There is much to see in this hidden corner of New Zealand.
The area is full of scenic contrasts: from smooth shifting sand dunes, to rugged glaciated mountain valleys; from placid seaside beaches to bubbling fresh water springs; from luscious green lowland pastures to untouched high alpine meadows and forests; from water-worn limestone caves, crags and canyons to wind-shorn coastal cliffs.
Farewell Spit, a nature reserve formed entirely from sand, is the result of the erosion of granites, schists and other rocks on the West Coast. At the recently established gannet colony, the preferred nesting sites are on the low sand dunes. This is unique, as all other worldwide colonies are on rocky outcrops - and, being right at sea level, the Farewell Spit colony affords an excellent eye-to-eye view.
- Drive out to the dramatic, wild West Coast through thick native bush interspersed with bright red flowering rata trees. Here, the land eventually meets the Tasman Sea
- Visit the vast estuary of the Whanganui Inlet, an ever-changing tidal flood plain
- Swim, sail and kayak on any number of beautiful, calm, protected beaches
- Walk to Wharariki Beach. Exposed to vicious coastal winds, this beach has staggering rock formations together with huge white sand dunes. It is also a haven for fur seals and birds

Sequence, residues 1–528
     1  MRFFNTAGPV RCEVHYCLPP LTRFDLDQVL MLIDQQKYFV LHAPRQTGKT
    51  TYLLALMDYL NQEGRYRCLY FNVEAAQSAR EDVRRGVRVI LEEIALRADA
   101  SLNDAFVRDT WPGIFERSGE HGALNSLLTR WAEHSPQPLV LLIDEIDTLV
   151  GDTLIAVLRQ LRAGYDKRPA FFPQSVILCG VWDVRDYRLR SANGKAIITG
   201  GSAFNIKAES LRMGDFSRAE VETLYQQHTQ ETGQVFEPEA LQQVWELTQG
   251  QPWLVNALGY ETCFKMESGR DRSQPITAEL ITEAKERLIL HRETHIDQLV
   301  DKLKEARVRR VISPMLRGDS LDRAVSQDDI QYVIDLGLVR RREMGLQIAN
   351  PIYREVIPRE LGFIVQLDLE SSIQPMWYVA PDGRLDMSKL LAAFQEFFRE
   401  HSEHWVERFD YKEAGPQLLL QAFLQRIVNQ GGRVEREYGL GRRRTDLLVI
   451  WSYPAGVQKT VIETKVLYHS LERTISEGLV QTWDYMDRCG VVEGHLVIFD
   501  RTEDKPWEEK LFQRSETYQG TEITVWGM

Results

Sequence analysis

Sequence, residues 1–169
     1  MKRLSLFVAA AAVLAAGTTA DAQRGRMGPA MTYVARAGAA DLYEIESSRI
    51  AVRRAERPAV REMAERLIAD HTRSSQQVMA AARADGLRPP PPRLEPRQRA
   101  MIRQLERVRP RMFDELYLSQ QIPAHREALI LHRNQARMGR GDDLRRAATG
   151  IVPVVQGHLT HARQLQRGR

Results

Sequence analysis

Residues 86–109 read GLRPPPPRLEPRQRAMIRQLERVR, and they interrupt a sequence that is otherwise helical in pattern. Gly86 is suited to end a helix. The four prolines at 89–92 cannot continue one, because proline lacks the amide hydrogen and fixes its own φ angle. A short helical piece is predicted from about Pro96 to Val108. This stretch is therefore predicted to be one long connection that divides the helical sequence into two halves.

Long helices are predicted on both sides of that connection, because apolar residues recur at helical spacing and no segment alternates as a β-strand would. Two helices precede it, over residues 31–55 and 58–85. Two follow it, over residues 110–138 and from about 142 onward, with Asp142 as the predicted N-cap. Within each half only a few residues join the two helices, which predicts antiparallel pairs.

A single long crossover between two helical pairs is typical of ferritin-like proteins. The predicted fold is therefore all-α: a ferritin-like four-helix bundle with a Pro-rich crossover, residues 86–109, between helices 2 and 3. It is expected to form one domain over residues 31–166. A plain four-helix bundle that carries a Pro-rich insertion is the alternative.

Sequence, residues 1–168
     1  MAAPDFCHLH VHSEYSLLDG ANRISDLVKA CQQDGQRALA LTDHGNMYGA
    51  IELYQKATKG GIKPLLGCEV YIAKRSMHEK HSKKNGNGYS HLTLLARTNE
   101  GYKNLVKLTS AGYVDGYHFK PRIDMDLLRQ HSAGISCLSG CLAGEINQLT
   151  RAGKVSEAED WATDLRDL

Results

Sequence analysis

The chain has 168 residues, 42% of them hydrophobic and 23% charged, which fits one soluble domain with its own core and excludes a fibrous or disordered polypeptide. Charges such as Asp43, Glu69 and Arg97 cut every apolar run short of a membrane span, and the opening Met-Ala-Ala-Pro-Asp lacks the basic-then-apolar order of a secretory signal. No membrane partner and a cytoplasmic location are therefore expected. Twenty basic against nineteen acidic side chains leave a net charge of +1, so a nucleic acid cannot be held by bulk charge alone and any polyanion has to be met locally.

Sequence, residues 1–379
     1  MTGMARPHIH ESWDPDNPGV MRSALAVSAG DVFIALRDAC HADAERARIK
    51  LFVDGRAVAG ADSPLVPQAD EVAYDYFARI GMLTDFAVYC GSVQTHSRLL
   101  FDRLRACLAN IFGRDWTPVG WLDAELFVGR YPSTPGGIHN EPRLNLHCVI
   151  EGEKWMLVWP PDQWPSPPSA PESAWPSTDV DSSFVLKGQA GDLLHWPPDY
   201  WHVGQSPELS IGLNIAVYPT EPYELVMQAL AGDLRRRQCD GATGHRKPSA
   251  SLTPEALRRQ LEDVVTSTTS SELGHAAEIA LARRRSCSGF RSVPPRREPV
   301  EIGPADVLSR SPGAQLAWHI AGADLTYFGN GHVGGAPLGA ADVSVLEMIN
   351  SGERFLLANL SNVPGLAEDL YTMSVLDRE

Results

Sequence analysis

- Hike anywhere in Abel Tasman or Kahurangi National Park. The Heaphy track is one of NZ's “great walks”
- Eat the local mussels and scallops, and try a Captain Cooker Manuka beer at the Mussel Inn. It's got to be one of the best home brews anywhere
- Catch a water taxi to Awaroa Lodge for a tasty lunch
Facts at a glance
- Farewell Spit is one of New Zealand's most important wading bird habitats. Over 90 species of birds have been recorded, with godwits and knots the most numerous.
- The sacred Te Waikoropupu (Pupu) Springs is the largest in New Zealand, with a flow of up to 21 cubic meters per second.
- Manuka beer was brewed for the first time over 200 years ago. The sailors under Captain James Cook, British explorer, were the first to taste manuka beer, made from the leaves of the manuka plant, or the New Zealand “tea tree”.
- Many of New Zealand's top sculptors, painters, potters and, jewellery-makers have made Golden Bay their home.
- In 1642, Abel Tasman (the first European to set foot in NZ) named this area Murderers Bay after a violent encounter with the Maori. The name was later changed to Golden Bay, associating the place with the discovery of gold in 1857, rather than its bloody past.
This beautiful, luxury villa is actually situated on the beachfront at Patons Rock in Golden Bay. Literally no more than fifteen or twenty steps or so and you will be wiggling your toes in the sand and catching your breath as you take in the view
Set in the heart of Abel Tasman National Park, Awaroa Lodge offers a unique beach and bush destination